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07.28.13 Lessons in Prayer, Luke 11:1-13 Sermon Notes

by on July 29, 2013

For those of us who could use a boost in our prayer lives, here are some thoughts arising from the lectionary readings for this week.

The passage in Luke immediately follows the story of Martha and Mary that we looked at last week. There we saw that the Christian life isn’t an either/or choice—either an active life of service or a contemplative life of prayer. Both are expected, but they have to be in right relationship with each other.

Following this, Luke tells us, the disciples see Jesus praying—playing the Mary role—and they want to learn how to pray. Some things to think about:

  • What makes Christians Christians is that we look to Jesus for instruction
  • If prayer can be taught, prayer can be learned
  • We can all learn, grow, and become better in prayer
  • Prayer can be individual or corporate. The Bible often depicts Jesus praying alone, but in teaching the disciples to pray he starts with “Our Father.”
  • Prayer can be short and direct, as in the Lord’s Prayer in Luke’s version. Annie Lamott’s newest book makes this point as only she can. It’s called Help, Thanks, Wow; The Three Essential Prayers. In Matthew’s setting of the Lord’s Prayer, Jesus warns against long prayers. There is no need for obsequious fillers, which when I hear them drive me nuts.
  • Prayer can also be long—all night for Jesus sometimes. For some people, prayer takes a long time because they can be “Spirit-led”, following the connections from one thought to another. But we have to be careful to allow for silence—that is listening like Mary—also. Sometimes I think the Holy Spirit is like an introvert trying to have a conversation with two extraverts; believe me, it’s hard to get a word in. We have to make space for listening to the Holy Spirit when we pray.
  • Persistence pays off. In the parable Jesus tells, it isn’t because the two neighbors are friends that the second one wakes up and gives the first one bread. It’s because the first one keeps knocking on the door all night.
  • And notice what the principle is for giving the food—it is so the first neighbor can be hospitable to the unannounced late-arriving guest. (Remember, this is the situation Martha and Mary found themselves in when Jesus showed up in the passage preceding this one!) I think there’s a hidden gem here, namely that God is delighted to answer prayers whose heart is providing for the needy.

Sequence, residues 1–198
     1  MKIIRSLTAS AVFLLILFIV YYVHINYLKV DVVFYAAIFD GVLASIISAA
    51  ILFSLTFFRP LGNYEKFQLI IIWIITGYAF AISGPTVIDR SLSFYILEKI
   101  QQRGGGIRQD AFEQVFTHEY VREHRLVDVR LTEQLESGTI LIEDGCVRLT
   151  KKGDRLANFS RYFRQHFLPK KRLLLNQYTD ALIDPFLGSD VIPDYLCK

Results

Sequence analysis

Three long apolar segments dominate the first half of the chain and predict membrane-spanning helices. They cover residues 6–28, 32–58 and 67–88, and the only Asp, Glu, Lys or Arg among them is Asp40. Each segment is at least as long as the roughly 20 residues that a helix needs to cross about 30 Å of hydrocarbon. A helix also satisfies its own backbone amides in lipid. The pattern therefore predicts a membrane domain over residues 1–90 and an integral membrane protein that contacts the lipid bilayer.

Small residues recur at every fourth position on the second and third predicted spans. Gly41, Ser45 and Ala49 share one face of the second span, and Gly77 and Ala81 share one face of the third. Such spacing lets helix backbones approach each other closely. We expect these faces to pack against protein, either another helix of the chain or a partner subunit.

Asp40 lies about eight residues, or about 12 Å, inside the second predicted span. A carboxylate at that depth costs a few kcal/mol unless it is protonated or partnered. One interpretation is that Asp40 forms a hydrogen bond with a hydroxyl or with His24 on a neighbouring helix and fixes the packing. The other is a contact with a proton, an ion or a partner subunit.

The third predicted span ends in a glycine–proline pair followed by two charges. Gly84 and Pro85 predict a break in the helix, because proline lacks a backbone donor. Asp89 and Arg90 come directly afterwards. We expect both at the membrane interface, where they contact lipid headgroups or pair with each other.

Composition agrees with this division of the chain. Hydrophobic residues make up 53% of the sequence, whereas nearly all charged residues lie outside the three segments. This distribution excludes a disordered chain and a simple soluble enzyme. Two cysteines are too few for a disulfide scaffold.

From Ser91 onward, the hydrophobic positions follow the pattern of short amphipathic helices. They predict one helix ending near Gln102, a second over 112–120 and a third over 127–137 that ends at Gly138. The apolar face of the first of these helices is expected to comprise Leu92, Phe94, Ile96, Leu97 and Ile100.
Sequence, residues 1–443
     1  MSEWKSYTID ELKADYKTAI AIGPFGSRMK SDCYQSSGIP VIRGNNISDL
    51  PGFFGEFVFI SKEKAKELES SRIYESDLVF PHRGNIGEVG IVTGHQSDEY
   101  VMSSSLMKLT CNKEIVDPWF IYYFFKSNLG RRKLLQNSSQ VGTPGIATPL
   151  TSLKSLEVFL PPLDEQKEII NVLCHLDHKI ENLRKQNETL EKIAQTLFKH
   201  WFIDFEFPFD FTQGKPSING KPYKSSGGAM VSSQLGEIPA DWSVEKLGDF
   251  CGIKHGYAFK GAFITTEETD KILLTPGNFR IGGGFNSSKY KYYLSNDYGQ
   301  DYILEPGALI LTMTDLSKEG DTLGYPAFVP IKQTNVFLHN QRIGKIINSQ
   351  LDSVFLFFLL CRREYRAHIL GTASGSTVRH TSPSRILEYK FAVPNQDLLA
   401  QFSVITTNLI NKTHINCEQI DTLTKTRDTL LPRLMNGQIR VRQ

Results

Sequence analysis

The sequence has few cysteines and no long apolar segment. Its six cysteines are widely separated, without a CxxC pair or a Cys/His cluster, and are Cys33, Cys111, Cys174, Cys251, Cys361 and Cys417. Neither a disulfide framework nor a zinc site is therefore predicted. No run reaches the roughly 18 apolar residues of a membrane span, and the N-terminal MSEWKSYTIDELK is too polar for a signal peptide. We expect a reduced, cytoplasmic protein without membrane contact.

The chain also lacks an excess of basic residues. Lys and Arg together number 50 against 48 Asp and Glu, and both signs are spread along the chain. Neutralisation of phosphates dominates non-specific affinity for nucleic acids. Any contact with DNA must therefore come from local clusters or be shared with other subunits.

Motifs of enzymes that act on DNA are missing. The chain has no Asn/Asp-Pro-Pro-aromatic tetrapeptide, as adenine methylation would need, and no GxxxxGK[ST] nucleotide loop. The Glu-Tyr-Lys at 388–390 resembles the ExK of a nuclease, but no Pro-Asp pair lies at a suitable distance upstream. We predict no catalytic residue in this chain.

• And notice that the second neighbor satisfies the first neighbor’s needs. Here again is an insight to prayer—God satisfies needs, not necessarily wants. (If you have time, search this blog for “needs wants” for other thoughts about this crucial distinction for our spiritual health.)
  • Jesus says ask and you shall receive. James says, “You do not have, because you do not ask. You ask and do not receive, because you ask wrongly, in order to spend what you get on your pleasures.” (4:2-3) James’ point is not against planning, wants, or asking. It’s fine to ask, we just have to listen first to be sure that what we plan, want, and ask is in accordance with God’s will. This is part of what it means to pray “in Jesus’ name.”
  • Jesus says seek and you will find. Proverbs says, “You will find the knowledge/wisdom of God if you search for it as a hidden treasure.” (2:4-5) This isn’t how we typically operate in American culture. When I go into a store, normally what I want is right there, easy to find because someone has predicted my needs. God’s wisdom, Proverbs says, stands on the busiest street corner, available to all, but she is buried under everything else that distracts us. It takes treasure-seeking to find her.
  • Jesus says knock, and door will opened. A very famous depiction of the Revelation 3:20 shows Jesus standing at a door without a doorknob. It is the door of our hearts, and it can only be opened from the inside. When my family overnights in a hotel, we practice double knocking; if I go to get ice, I knock on the door and someone on the other side knocks back to verify that it is I knocking on the door and not someone else at some other door. Then the door is opened. Jesus is knocking, when we knock, the door is opened.
  • In Matthew’s setting, Jesus instructs his disciples to go into their room and close the door. The problem is, no one in Jesus’ audience had houses with rooms, and they didn’t have doors. So what is he saying? If you follow a contemplative interpretation of this instruction, he is saying go into your secret place, into the depths of your heart, into your interior life, close the door to other distractions, and find God there.
  • Apparently this is what Jesus did. Luke tells us he went to “a certain place.” Jesus had set times and locations for prayer, it seems. It is an important discipline to consider introducing into your life. After the harsh words of judgment in chapter one, Hosea 2:14 turns and says, “I, God will now allure my unfaithful bride Israel, and bring her into the wilderness, and speak tenderly to her.” God meets us in certain times and places.